Rear Adm. Moises DelToro III, commander of Naval Undersea Warfare Center, said Aug. 18 that the Annual Naval Technology Exercise is "designed to demonstrate future naval technologies in action today. Naval warfare centers, universities and our industry partners are here showcasing their latest unmanned systems and related technologies in water."
At the exercise — known as ANTX 2016 and hosted by NUWC's Newport division — scientists and engineers were able to evaluate their technology at the research and development level before the systems become militarized and are integrated at the operational level, he said during a speech on the last day of the exercise. ANTX 2016 focused on cross-domain communication between unmanned systems, he added. The exercise featured more then 300 personnel and 30 companies, he said.
“ANTX takes the idea of collaboration one step further by giving participating organizations the opportunity to demonstrate their technologies and products live in the water here at Narragansett Bay,” said Mary S. Wohlgemuth, technical director at NUWC Newport.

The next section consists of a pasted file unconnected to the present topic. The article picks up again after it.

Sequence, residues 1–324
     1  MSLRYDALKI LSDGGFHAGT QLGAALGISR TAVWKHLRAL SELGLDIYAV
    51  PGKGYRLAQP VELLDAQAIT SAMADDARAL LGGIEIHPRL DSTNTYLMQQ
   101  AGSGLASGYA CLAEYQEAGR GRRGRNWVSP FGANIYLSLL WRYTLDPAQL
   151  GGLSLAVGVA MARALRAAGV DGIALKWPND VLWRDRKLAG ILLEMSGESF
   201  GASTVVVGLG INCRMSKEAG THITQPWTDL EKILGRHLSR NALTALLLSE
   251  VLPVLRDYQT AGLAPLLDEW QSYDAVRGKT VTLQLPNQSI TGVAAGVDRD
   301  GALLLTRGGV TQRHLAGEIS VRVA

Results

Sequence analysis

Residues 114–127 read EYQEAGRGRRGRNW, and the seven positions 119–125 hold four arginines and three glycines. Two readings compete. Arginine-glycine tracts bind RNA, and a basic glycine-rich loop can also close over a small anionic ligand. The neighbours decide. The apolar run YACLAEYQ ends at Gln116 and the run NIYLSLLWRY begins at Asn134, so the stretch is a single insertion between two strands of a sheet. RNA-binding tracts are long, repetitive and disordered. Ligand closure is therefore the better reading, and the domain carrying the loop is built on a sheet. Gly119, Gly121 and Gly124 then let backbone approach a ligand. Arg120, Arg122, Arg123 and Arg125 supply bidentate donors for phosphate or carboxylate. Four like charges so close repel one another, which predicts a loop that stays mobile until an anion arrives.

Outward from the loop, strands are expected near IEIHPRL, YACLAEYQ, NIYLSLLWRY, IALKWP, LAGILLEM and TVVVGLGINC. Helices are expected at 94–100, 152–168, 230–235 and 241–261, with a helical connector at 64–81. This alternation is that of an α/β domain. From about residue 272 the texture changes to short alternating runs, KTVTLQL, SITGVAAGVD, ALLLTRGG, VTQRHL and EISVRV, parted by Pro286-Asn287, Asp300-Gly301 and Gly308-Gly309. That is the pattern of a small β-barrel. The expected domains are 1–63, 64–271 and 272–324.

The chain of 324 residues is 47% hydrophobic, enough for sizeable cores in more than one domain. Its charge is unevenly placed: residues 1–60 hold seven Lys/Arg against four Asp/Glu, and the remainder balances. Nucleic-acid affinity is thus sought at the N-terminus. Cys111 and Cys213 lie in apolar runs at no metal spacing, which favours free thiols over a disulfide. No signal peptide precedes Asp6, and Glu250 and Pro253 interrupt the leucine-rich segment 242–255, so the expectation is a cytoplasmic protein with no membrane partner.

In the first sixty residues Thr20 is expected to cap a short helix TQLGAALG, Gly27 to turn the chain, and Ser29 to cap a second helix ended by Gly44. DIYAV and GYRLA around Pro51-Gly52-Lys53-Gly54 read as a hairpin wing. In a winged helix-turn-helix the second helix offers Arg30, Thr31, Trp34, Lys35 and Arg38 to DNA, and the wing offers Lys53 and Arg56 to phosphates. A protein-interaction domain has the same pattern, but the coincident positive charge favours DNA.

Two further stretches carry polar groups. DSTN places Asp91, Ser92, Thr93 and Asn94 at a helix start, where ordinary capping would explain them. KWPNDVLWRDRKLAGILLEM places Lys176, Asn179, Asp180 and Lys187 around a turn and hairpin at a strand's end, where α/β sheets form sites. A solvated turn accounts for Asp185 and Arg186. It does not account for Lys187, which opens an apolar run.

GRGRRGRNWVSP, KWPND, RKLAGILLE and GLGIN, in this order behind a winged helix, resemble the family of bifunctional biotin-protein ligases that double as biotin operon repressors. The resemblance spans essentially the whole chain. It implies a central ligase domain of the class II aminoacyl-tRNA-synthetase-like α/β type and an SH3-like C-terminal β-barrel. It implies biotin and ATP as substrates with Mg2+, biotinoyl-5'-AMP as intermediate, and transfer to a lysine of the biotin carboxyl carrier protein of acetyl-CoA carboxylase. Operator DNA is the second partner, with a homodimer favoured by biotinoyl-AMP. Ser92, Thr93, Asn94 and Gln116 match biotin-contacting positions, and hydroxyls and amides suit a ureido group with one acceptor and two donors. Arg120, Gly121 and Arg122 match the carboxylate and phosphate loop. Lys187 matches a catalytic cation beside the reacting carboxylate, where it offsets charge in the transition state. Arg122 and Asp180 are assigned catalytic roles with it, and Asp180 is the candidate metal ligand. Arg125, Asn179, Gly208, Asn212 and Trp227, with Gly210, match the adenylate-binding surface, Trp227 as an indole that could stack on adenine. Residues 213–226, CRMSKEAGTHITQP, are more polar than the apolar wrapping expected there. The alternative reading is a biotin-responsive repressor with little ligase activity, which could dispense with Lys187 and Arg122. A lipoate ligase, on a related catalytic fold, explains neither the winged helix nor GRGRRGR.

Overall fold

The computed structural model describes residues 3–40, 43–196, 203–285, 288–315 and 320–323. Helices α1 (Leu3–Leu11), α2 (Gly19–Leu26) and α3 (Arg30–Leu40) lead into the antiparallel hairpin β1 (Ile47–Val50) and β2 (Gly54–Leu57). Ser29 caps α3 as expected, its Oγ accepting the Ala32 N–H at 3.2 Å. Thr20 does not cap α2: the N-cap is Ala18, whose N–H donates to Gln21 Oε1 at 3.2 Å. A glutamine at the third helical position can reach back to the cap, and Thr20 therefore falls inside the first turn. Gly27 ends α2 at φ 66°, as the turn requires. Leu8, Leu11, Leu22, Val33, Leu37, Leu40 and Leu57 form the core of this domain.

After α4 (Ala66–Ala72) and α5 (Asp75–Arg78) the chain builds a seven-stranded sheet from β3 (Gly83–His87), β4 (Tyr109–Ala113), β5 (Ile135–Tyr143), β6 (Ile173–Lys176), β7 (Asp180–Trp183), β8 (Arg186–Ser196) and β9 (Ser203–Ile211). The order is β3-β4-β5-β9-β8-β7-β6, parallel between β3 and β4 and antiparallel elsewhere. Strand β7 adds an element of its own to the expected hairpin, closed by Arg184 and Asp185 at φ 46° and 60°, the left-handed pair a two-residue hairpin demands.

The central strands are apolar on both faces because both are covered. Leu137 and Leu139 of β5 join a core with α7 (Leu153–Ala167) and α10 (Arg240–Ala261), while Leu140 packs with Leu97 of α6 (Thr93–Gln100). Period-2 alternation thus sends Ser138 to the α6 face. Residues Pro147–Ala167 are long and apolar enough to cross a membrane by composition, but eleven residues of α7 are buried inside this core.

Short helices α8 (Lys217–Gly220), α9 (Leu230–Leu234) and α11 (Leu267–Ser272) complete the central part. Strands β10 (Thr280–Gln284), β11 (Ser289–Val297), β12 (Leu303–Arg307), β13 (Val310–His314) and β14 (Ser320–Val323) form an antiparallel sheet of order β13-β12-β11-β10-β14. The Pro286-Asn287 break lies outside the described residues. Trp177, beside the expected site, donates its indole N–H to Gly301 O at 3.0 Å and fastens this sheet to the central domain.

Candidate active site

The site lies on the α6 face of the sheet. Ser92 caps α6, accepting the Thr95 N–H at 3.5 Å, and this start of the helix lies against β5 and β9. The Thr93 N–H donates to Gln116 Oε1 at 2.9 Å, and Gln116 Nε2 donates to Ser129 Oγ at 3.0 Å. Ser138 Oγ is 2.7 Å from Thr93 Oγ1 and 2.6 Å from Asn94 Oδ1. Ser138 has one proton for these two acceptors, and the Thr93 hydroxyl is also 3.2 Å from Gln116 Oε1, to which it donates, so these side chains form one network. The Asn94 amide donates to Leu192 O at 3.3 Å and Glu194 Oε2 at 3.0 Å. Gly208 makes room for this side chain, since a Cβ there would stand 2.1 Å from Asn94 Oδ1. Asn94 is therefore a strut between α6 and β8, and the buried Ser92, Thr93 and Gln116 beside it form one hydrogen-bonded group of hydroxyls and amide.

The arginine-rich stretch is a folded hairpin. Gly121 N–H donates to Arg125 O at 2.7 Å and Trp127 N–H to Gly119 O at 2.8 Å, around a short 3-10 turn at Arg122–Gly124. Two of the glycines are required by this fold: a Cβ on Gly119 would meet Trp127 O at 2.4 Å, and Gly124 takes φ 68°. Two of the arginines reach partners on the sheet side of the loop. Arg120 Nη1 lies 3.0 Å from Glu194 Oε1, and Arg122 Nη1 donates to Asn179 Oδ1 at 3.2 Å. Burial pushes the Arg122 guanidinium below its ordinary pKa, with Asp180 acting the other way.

The Narragansett Bay Test Facility provides an ideal, low-cost environment for industry to test their technology, she said.
Three members of Congress — Sen. Sheldon Whitehouse, D-R.I., Sen. Chris Murphy, D-Conn. and Rep. David Cicilline, D-R.I. — spoke at the exercise.
Murphy, who recently visited the Arctic during the Navy’s Ice Exercise in March, said developing unmanned underwater vehicle technology would be critical as adversaries beef up their spending on defense.
“We are watching some of our competitor nations making big investments in their Arctic fleets, both on top of the sea and underneath it,” he said. “I saw firsthand all of the new capabilities that we will need … as we head into a quarter century in which the Arctic is going to be up for grabs, in which there is going to be more navigation, there’s going to be more undersea activity than ever before.